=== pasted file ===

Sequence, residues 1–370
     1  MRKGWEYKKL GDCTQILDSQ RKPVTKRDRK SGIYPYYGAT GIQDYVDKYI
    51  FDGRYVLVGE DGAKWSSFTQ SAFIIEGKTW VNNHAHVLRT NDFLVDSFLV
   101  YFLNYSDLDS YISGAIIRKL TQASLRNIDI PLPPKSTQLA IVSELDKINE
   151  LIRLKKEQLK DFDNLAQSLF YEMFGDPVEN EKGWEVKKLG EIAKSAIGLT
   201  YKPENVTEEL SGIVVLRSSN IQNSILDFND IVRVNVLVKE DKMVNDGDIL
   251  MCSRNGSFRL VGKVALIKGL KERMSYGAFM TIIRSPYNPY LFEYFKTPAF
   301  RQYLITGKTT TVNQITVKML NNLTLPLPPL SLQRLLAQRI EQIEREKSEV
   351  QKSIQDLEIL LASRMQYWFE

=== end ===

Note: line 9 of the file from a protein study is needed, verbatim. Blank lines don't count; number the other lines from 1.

   351  QKSIQDLEIL LASRMQYWFE